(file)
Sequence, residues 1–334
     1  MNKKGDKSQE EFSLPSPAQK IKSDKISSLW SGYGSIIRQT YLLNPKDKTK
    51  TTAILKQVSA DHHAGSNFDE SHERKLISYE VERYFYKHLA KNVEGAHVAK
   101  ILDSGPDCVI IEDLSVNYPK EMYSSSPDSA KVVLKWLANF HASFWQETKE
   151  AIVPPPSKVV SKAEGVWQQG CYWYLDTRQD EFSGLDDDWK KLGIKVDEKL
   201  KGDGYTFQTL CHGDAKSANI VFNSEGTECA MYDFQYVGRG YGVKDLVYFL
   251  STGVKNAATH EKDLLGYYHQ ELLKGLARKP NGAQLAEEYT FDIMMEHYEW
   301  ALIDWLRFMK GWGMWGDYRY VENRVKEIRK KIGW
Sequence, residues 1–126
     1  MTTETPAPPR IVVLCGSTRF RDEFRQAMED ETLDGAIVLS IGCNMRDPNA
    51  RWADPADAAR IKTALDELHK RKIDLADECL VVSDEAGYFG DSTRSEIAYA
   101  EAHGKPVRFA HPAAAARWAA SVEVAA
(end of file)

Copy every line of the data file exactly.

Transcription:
Sequence, residues 1–334
     1  MNKKGDKSQE EFSLPSPAQK IKSDKISSLW SGYGSIIRQT YLLNPKDKTK
    51  TTAILKQVSA DHHAGSNFDE SHERKLISYE VERYFYKHLA KNVEGAHVAK
   101  ILDSGPDCVI IEDLSVNYPK EMYSSSPDSA KVVLKWLANF HASFWQETKE
   151  AIVPPPSKVV SKAEGVWQQG CYWYLDTRQD EFSGLDDDWK KLGIKVDEKL
   201  KGDGYTFQTL CHGDAKSANI VFNSEGTECA MYDFQYVGRG YGVKDLVYFL
   251  STGVKNAATH EKDLLGYYHQ ELLKGLARKP NGAQLAEEYT FDIMMEHYEW
   301  ALIDWLRFMK GWGMWGDYRY VENRVKEIRK KIGW
Sequence, residues 1–126
     1  MTTETPAPPR IVVLCGSTRF RDEFRQAMED ETLDGAIVLS IGCNMRDPNA
    51  RWADPADAAR IKTALDELHK RKIDLADECL VVSDEAGYFG DSTRSEIAYA
   101  EAHGKPVRFA HPAAAARWAA SVEVAA